Skip to main content
An official website of the United States government

Mood Disturbance

Woman looking sad while gazing out the windo

A brain or spine tumor may cause changes in mood, including distress, anxiety, sadness, and more.

Credit: iStock

What Is Mood Disturbance?

A brain or spine tumor diagnosis can cause a variety of changes in emotions and mood. Mood disturbance can involve feelings of distress or sadness, or symptoms of depression and anxiety. 


Distress is an unpleasant psychological, social, spiritual, and/or physical experience that affects the way you think, feel, or act. Distress is a normal feeling during cancer care, but it may make it harder to cope.

Distress may include the following symptoms:

  • Feeling sad, fearful, worried, angry, or helpless
  • Changes in sleep, eating habits, or social life
  • Changes in your ability to take care of yourself and/or others
  • Questioning your faith, your purpose, or the meaning of life
  • Frequent thoughts about illness or death
  • Difficulty concentrating


Anxiety is a persistent feeling of distress, worry, and/or tension that can happen with or without a cause.

Anxiety may include the following symptoms:

  • Shortness of breath, sweating, headache, or muscle tension
  • Negative thoughts and feelings, such as excessive worrying, feeling afraid, irritable, or “on edge”
  • Difficulty concentrating
  • Changes in sleep
  • Becoming tired easily


Sadness is a change in your mood that involves feeling “blue” or disappointed, which can interfere with daily activities.

Sadness may include the following symptoms:

  • Feeling depressed, hopeless, empty, guilty, or worthless
  • Lack of interest or pleasure in most activities
  • Lack of energy
  • Changes in sleep pattern, sexual drive, or appetite
  • Difficulty concentrating
  • Thoughts of self-harm or death
Title: Changes in Mood.  Subtitle: Mood changes can be feelings of distress, sadness or symptoms of depression, and anxiety. 1. Distress: An unpleasant psychological, social, spiritual, and/or physical experience that affects the way you think, feel, or act. 2. Anxiety: A persistent feeling of distress, worry, and/or tension that can happen with or without a cause. 3. Sadness: Can cause ups and downs, feeling blue or disappointment that interferes with daily activities.

Ways to Manage Mood Disturbance

There are many ways you can manage and cope with mood disturbance:

  • Keep a daily log of your mood changes and symptoms in a journal or the My STORITM app and look for patterns.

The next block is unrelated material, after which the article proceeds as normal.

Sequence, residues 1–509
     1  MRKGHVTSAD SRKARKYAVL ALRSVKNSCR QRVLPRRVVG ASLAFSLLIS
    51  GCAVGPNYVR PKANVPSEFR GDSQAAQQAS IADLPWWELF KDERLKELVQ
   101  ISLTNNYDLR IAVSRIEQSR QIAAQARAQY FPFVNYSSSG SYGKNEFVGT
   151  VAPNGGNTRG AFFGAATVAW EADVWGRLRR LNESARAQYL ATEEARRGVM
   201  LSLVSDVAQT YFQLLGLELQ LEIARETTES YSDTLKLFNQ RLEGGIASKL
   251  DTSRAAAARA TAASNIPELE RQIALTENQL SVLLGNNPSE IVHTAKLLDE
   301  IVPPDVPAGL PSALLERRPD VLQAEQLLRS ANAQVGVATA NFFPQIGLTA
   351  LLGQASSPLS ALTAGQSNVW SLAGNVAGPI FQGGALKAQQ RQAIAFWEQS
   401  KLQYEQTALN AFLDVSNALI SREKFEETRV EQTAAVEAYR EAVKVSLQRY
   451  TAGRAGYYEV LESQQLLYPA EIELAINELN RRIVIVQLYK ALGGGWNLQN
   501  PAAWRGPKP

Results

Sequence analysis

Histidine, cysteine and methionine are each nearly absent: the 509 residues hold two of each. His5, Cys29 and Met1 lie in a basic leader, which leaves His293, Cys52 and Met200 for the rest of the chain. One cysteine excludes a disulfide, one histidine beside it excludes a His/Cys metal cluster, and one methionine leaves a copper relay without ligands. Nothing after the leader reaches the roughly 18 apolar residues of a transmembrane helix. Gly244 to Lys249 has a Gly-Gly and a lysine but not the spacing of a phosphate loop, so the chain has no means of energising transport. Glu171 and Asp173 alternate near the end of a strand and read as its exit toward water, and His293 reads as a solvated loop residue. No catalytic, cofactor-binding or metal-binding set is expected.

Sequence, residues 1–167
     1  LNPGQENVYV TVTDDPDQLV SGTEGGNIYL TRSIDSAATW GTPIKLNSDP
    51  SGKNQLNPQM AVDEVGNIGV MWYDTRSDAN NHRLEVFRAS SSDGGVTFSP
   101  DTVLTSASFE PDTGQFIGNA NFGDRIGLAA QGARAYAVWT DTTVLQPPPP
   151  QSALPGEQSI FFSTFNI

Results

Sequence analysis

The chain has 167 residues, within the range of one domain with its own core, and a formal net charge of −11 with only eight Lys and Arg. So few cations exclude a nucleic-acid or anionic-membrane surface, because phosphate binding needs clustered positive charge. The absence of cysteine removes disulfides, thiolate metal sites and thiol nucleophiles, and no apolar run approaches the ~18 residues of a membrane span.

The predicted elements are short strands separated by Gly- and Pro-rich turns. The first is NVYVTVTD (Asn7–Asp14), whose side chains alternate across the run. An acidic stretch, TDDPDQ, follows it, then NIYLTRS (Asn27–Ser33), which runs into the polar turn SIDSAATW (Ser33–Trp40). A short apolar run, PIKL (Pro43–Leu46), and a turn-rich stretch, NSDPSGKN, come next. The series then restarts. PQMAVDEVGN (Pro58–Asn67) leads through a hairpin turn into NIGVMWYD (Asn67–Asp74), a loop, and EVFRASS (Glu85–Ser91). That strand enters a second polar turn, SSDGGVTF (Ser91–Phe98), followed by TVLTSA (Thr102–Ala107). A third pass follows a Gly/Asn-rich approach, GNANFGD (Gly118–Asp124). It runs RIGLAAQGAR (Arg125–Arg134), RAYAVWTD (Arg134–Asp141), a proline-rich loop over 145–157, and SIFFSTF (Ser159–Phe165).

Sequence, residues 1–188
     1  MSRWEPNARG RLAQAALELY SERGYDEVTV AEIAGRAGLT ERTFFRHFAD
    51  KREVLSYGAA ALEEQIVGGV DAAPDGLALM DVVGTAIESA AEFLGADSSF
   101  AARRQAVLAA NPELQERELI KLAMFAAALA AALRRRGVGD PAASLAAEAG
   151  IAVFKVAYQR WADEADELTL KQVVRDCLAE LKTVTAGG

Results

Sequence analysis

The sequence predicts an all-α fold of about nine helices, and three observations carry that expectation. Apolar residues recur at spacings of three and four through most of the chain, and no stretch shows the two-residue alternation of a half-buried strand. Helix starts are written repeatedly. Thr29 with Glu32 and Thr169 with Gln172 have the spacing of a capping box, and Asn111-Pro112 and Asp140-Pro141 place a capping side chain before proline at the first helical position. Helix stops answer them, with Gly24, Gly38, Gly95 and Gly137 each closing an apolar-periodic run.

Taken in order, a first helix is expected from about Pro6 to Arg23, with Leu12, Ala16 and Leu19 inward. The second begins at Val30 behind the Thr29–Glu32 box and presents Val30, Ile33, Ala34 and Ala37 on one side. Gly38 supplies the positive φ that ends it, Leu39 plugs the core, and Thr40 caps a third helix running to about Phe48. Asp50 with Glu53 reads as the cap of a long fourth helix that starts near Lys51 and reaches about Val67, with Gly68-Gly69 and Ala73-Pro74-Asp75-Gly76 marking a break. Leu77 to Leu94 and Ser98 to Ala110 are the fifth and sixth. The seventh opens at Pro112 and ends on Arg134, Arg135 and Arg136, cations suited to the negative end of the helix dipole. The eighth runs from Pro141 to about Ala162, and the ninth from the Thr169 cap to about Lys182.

• Consider bringing a supportive family member or friend to your health care visits. Talk with your doctor about any questions you have—understanding your disease and treatment plan can help reduce uncertainty.
  • Create a routine that includes a variety of relaxation techniques, such as muscle relaxation, massage, prayer, mindfulness, meditation, or listening to calming music.
  • Check in with yourself often. Concentrate on positive thoughts and emotions. Try reading an inspirational or funny book, writing positive messages, or thinking about three good things that happened each day.
  • Focus on your beliefs and values. Find activities that prioritize what matters to you, such as spending time with loved ones, volunteering, practicing your faith, or meditating.
  • If your distress, anxiety, or depression is persistent, ask your doctor about starting counseling, cognitive behavioral therapy, music therapy, or guided imagery.
  • Some medications may cause anxiety or depression as a side effect. Ask your doctor if there are other medications you should take to manage these side effects. 
  • Explore self-care activities that can help you cope with and improve your mood, including diet, exercise, or sleep:
    • Work with your health care provider to develop a nutrition plan. Alcohol use may increase feelings of depression, anxiety, or distress. Caffeine use may increase feelings of anxiety.
    • Exercise to help manage mood disturbances and improve the way you feel. Yoga in particular may help relieve anxiety symptoms.
    • Try doing things that make you feel like yourself again, such as writing in a journal or setting goals.

When to Report Mood Disturbance

Discuss any concerns with your doctor. Share the symptoms you’ve logged and your self-care activities.

  • Ask your doctor when and how to report your symptoms.
  • Report if your mood disturbance gets worse, is severe (e.g., lack of interest in things you usually enjoy or difficulty completing daily activities), or does not improve with your self-care activities.
  • Ask your doctor what you should do in case of an emergency and when your mood disturbance should be reported immediately.
  • Updated:

If you would like to reproduce some or all of this content, see Reuse of NCI Information for guidance about copyright and permissions. In the case of permitted digital reproduction, please credit the National Cancer Institute as the source and link to the original NCI product using the original product's title; e.g., “Mood Disturbance was originally published by the National Cancer Institute.”